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In Hawaiian religion, Māui is a culture hero and ancient chief who appears in several different genealogies. In the Kumulipo, he is the son of ʻAkalana and his wife Hina-a-ke-ahi (Hina). This couple has four sons, Māui-mua, Māui-waena, Māui-kiʻikiʻi, and Māui-a-kalana.
Hauling up islands of Hawaii
He convinced them to take him out fishing, but caught his hook on the ocean floor. He told his brothers that he had caught a big fish.
His brothers paddled with all their might, and being intent with their effort, did not notice the island rising behind them.
Māui repeated this trick several times, creating the Hawaiian Islands (Tregear 1891:236).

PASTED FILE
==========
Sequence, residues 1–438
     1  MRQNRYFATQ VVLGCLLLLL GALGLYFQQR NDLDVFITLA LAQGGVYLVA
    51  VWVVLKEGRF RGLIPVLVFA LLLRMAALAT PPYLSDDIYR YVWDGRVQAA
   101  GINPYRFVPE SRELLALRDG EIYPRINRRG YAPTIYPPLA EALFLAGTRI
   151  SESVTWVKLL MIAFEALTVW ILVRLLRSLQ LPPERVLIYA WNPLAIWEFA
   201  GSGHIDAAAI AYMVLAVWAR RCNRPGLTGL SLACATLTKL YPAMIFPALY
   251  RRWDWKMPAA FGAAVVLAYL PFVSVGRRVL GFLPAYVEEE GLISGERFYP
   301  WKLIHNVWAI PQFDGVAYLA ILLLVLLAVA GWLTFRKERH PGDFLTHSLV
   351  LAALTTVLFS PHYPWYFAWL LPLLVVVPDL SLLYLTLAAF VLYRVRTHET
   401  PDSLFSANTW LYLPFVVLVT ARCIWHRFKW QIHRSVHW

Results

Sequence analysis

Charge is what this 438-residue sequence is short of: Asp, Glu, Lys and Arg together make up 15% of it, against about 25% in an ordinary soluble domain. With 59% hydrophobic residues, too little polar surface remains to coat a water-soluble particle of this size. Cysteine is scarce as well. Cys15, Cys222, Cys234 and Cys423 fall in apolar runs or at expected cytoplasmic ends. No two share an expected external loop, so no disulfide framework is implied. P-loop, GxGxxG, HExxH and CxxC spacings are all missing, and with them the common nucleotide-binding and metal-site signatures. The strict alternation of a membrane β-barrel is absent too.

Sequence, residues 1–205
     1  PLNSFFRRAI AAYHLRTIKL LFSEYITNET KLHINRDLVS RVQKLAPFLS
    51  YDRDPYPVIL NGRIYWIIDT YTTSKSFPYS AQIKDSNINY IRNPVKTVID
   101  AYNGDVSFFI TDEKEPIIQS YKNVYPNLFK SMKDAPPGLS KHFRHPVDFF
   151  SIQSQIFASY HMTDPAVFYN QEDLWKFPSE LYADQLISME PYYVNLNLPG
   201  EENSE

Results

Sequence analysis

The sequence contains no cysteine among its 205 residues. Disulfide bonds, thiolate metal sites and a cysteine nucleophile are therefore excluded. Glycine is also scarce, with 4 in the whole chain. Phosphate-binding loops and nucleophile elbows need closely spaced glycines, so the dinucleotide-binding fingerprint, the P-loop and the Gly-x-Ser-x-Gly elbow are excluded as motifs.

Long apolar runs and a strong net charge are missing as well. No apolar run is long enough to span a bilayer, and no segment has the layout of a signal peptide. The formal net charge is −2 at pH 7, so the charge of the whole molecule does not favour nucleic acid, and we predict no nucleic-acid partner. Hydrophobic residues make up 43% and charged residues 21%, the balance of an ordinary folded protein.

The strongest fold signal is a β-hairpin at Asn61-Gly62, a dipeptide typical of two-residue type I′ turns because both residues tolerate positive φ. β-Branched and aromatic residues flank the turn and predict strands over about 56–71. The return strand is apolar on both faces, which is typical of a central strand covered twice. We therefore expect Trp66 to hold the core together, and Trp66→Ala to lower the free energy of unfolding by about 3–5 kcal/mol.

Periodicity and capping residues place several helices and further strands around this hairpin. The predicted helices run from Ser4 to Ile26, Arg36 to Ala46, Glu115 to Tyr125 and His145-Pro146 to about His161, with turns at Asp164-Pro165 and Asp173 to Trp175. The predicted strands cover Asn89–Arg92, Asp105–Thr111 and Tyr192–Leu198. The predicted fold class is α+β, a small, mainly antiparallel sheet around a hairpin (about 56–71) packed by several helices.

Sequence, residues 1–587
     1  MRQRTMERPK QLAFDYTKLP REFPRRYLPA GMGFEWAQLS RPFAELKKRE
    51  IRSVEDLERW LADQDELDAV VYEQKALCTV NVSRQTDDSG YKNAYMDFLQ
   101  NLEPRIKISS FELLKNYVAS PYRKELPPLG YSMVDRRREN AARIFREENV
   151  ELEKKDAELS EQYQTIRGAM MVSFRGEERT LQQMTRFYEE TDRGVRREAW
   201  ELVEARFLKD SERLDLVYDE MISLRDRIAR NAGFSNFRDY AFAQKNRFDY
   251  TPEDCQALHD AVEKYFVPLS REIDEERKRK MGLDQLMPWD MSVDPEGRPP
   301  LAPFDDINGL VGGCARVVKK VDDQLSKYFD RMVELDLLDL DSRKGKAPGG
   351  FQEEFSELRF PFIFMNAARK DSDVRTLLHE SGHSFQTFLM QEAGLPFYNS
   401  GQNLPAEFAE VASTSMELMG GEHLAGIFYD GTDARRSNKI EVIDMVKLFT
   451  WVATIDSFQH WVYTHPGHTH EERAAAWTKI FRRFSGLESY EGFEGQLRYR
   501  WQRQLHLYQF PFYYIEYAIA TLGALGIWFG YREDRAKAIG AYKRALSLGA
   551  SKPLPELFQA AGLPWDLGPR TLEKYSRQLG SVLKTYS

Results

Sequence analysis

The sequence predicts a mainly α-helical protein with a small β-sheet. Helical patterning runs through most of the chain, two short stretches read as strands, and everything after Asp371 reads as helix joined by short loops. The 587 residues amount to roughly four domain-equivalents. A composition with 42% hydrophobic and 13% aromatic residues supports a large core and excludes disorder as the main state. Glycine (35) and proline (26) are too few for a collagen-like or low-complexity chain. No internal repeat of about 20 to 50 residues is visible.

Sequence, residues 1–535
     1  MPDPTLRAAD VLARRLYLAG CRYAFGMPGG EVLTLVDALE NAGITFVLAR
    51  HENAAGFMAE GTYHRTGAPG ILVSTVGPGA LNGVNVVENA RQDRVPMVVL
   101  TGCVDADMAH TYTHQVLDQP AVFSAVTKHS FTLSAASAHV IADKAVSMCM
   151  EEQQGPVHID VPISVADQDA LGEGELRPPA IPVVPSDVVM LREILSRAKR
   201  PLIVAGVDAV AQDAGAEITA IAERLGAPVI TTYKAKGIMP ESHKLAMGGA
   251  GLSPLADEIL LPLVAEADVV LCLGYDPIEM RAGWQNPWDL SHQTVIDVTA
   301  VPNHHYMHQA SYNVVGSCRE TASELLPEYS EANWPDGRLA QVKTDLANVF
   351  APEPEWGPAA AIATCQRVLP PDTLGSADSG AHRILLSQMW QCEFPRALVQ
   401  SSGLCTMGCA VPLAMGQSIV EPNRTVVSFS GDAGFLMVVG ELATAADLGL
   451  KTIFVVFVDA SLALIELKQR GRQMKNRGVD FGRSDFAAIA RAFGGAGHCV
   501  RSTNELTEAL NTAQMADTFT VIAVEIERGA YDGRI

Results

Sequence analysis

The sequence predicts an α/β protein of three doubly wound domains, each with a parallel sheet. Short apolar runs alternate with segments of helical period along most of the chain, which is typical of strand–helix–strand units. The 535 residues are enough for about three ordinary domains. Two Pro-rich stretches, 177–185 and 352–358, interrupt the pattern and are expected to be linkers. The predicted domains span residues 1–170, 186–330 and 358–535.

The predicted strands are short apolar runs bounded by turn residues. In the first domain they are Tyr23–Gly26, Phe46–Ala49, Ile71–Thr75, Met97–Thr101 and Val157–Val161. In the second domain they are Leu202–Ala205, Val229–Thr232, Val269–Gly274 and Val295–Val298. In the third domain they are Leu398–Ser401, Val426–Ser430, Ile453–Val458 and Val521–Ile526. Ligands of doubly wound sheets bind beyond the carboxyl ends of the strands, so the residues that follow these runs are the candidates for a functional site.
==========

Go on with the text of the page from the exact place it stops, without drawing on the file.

Hina, in the shape of a baling-gourd, appeared at the surface of the water, and Māui unwittingly grasped the gourd and placed it in front of his seat. Suddenly, there appeared a beautiful woman whose beauty none could resist, and so the brothers looked behind them to watch the beautiful water-goddess. The line parted, Hina disappeared, and the effort to unite the chain of islands into one solid unit failed.
Restraining the Sun
Māui’s next feat is to stop the sun from moving so fast. His mother Hina complains that her kapa (bark cloth) is unable to dry because the days are so short. Māui climbs to the mountain Hale-a-ka-lā (house of the sun) and lassoes the sun’s rays as the sun comes up, using a rope made from his sister’s hair. The sun pleads for life and agrees that the days shall be long in summer and short in winter (Pukui, Elbert, & Mookini 1974:36).
He sits by the trunk of the tree to rope the sun (Beckwith 1970:230). The constellation Māui’s fishhook (known in the West as Scorpio) is named after this.